On Wed, Aug 19, 2009 at 10:41 AM, <brabuhr / gmail.com> wrote:
> On Wed, Aug 19, 2009 at 9:31 AM, Ben Christensen
> <benjchristensen / gmail.com> wrote:
>> I'm evaluating Ruby for use in a variety of systems that are planned by
>> default to be Java.
>>
>> I've started down a path of doing various performance tests to see what
>> kind of impact will occur by using Ruby and in my first test the numbers
>> are very poor - so poor that I have to question if I'm doing something
>> wrong.
>
> Is this test case in any way representative of the tasks you will
> actually be performing?
>
> Test file 1:
>
>> java FileReadParse
> Starting to read file...
> The number of tokens is: 1954
> It took 16 ms
>
>> ruby -v file_read_parse.rb
> ruby 1.8.6 (2007-09-24 patchlevel 111) [i386-linux]
> Starting to read file ...
> The number of tokens is: 1954
> It took 4.951 ms
>
> Test file 2:
>
>> java FileReadParse
> Starting to read file...
> The number of tokens is: 479623
> It took 337 ms
>
>> ruby file_read_parse.rb
> Starting to read file ...
> The number of tokens is: 479623
> It took 2526.455 ms
>
>> ruby file_read_parse-2.rb
> Starting to read file ...
> It took 588.065 ms
> The number of tokens is: 479623

One of the things this 'benchmark' skips over is the time it takes to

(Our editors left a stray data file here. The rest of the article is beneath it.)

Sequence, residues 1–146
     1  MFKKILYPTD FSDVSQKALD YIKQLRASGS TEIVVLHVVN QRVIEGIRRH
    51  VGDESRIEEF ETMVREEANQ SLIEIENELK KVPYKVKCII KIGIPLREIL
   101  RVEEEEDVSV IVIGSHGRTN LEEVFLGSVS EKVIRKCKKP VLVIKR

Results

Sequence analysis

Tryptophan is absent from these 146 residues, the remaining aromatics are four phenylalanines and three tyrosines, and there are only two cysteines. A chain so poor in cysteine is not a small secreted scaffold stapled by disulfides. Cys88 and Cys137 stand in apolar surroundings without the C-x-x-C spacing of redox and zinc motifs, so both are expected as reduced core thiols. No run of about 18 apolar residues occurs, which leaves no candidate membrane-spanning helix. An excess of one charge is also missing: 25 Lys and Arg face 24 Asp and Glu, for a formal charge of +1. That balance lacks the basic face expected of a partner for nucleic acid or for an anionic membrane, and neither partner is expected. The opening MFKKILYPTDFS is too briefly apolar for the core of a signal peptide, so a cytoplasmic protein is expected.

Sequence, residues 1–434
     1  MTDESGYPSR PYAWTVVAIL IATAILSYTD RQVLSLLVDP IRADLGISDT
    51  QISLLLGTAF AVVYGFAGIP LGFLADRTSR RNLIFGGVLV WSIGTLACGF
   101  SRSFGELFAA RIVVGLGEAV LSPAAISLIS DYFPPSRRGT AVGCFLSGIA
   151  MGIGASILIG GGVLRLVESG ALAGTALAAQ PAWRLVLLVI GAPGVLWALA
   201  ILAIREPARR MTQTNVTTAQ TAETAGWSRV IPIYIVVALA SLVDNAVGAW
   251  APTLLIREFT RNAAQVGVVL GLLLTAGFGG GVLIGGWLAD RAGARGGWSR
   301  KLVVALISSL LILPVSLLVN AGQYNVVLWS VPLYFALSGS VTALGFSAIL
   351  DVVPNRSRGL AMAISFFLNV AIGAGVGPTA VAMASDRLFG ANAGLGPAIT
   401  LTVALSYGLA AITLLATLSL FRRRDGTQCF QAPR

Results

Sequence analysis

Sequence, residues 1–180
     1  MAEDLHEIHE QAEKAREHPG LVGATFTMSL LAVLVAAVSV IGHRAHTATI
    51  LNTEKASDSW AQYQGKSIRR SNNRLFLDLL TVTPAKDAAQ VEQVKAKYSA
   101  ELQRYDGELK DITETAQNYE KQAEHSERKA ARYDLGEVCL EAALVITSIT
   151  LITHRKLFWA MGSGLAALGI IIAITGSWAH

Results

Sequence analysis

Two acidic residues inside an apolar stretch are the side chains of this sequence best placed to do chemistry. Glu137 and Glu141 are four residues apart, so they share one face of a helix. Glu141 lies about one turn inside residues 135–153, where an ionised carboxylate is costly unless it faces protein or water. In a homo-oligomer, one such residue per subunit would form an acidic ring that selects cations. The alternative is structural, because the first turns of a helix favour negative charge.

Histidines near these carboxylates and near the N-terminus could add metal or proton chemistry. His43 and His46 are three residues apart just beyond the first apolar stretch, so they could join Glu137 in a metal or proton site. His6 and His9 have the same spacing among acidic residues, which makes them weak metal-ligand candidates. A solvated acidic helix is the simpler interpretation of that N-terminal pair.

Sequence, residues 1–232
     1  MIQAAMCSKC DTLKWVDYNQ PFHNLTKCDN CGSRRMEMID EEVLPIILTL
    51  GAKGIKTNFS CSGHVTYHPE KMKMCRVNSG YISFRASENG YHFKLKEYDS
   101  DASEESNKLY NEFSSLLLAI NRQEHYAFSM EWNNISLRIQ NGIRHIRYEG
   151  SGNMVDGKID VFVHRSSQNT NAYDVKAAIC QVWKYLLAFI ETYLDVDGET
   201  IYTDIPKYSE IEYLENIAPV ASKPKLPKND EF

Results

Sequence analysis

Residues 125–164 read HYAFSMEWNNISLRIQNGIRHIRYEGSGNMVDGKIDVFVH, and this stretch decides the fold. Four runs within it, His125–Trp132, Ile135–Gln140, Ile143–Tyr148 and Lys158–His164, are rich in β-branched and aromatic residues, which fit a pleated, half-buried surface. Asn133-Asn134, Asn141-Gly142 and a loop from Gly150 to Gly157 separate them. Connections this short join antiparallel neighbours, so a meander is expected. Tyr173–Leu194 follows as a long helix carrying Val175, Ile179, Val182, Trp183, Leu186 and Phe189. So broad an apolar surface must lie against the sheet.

initialize the two environments.

There's no measurement of the time between hitting enter on the
command line and the point where the

start = Time.now

line (or it's equivalent in the Java program) gets executed.

It might be interesting to execute those benchmarks using something
like the linux time command to measure the differences in "womb to
tomb" execution times.

I suspect, but I may be totally wrong, that Java takes a while to
'warm up' a more complex runtime environment, and that Ruby gets going
faster.  The JVM has evolved in an environment where it has tended to
be used for long-running processes.

Depending on the task this may be important.

This can also affect deployment architecture.  JRuby tends to
encourage multi-threading in a single process to amortize the start-up
time. Most of us who are using MRI for, say rails, are pretty happy
with having multiple server processes which can be brought up as
needed (and terminated when not) under something like Passenger
(a.k.a. mod ruby) particularly using the "Enterprise" version of Ruby
which allows for sharing vm code between the processes.


-- 
Rick DeNatale

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